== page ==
Operating in a Devastated Economy

Even before the current conflict erupted, Yemen was among the poorest and least developed countries in the Middle East and North Africa; since the conflict began the situation has deteriorated substantially. Yemen’s Ministry of Planning and International Cooperation reported that Yemen’s gross domestic product declined 14.4 percent in 2017 which, following contractions of 15.3 percent in 2016 and 17.6 percent in 2015, equals a cumulative economic contraction of 40.5 percent since the beginning of 2015. As a result of this economic collapse private sector operations have sustained significant losses. Commercial businesses have on average cut operating hours by half, with layoffs estimated at 55 percent of the workforce. This shift has been spurred by surging costs, due to insecurity and shortages of inputs, and falling demand for goods and services, with public purchasing power tumbling on the back of widespread livelihood loss and domestic currency depreciation.[6] A general shortage of foreign currency in Yemen and liquidity challenges related to the domestic currency have also presented importers with increased challenges and costs.[7]

Since the Saudi-led military coalition began to intervene in the Yemen conflict in March 2015, it has imposed severe restrictions on imports entering Yemen. Business owners surveyed by this author said these restrictions have had a crippling impact, leading to a significant increase in shipping and insurance costs for imports. Among other significant challenges they noted were: increased customs tariffs after goods are offloaded, the long procedures for releasing shipments, the unsafe road transportation networks in Yemen, and the difficulty in making money transfers with foreign business partners.

On November 6, 2017, the Saudi-led coalition escalated the import restrictions to a complete closure of all ports, with the immediate impact in Yemen being huge price surges for almost all basic commodities and shortages of many, particularly fuel. Over the subsequent month, the coalition eased restrictions somewhat, allowing imports to resume normally in areas of Yemen’s south held by forces affiliated with the internationally recognized Yemeni government, and later allowing limited UN deliveries to Hudaydah seaport and Sana’a airport, both in Yemen’s north and held by Houthi forces. The Saudi-led coalition announced on December 20 that it was allowing Hudaydah port to reopen to commercia.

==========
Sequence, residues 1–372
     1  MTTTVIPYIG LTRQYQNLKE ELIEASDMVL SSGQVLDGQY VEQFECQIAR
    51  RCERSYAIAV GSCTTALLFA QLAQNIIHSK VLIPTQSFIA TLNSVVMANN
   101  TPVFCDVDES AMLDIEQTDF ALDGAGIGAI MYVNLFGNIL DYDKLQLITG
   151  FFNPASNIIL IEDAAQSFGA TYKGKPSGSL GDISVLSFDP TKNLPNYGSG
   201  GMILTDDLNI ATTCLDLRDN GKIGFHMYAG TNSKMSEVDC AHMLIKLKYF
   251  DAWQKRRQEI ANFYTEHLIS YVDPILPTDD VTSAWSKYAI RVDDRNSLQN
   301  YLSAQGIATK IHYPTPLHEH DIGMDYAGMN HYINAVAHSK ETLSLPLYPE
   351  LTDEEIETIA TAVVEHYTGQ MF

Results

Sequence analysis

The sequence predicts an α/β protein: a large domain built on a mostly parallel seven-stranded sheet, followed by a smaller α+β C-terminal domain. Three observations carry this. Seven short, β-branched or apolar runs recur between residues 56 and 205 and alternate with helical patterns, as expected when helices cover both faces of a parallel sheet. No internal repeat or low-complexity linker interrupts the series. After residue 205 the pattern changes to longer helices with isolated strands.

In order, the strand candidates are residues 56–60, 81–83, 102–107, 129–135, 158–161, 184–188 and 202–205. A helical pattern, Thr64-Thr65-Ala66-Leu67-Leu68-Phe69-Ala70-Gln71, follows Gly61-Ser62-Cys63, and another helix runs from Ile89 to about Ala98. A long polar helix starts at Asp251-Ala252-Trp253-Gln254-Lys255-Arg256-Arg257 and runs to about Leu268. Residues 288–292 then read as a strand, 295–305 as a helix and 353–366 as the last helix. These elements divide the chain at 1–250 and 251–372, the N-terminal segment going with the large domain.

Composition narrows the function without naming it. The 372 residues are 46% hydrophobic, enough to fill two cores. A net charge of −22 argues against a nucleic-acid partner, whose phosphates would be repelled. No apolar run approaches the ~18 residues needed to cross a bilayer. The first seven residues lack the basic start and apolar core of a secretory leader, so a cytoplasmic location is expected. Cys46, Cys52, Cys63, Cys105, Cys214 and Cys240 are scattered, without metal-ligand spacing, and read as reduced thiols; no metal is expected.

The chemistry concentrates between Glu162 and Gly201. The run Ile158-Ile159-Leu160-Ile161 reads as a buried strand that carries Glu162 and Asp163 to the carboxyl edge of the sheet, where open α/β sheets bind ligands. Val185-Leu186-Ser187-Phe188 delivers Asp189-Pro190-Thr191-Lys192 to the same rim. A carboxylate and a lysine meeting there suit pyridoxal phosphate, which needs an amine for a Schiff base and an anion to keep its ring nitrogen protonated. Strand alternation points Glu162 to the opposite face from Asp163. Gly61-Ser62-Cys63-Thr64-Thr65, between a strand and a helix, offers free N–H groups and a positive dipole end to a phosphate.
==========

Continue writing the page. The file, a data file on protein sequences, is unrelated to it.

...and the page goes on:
Looking Ahead

The number of private Yemeni enterprises engaged in business relations with international humanitarian actors has increased over time, with the scaled up aid efforts becoming new business opportunities in the country and creating a competitive market.[8] There is, however, vast untapped opportunities for both parties in creating better cooperation and coordination mechanisms.

The private sector actors – especially businesses involved in importation, distribution, retail and transportation, in addition to the business conglomerates – have a great deal of potential value-added to offer international humanitarian actors in informing the design and implementation of humanitarian support, which would significantly boost the impact of the humanitarian crisis response in Yemen. Yemeni businesses could increase the efficiency and reach of foreign aid funds by allowing humanitarian actors to capitalize on the private sector’s business networks across the country, their ability to adapt to changing dynamics within local communities, and their ability to navigate between the belligerent parties.

Additionally, the business humanitarian actors are currently bringing the Yemeni private sector is helping many companies stay operational, maintain current employees, and at times create new employment opportunities. Humanitarian actors channeling more of their business through the Yemeni private sector and pursuing local procurement would further help local companies maintain current employees and create new jobs, thereby boosting local employment, local purchasing power and stimulating a positive cycle of market demand. More foreign aid funds spent in Yemen would also provide much-needed foreign currency to the local market, which in turn would help stabilize the domestic currency.

A leading UN agency in Yemen supported such increased cooperation and coordination between international humanitarian actors and the Yemeni private sector. In response to this author’s queries, a World Food Program logistics official stated that:

Considering the vital role that private businesses play in the country and their resilience, humanitarian actors can help to facilitate the private sector importation of commodities and supplies by considering them in the humanitarian procurement process from outside the country. A private sector lead will support the effort to avoid local economy collapse and the further deterioration of the humanitarian situation in the country.


  • International Humanitarian Actors (IHA) should form a common platform that includes the Yemeni private sector, local authorities and civil society organizations to coordinate the humanitarian response. It is important to ensure transparency at the level of this platform.
  • IHA must renew their suppliers and contractors to give new opportunities to the Yemeni private enterprises.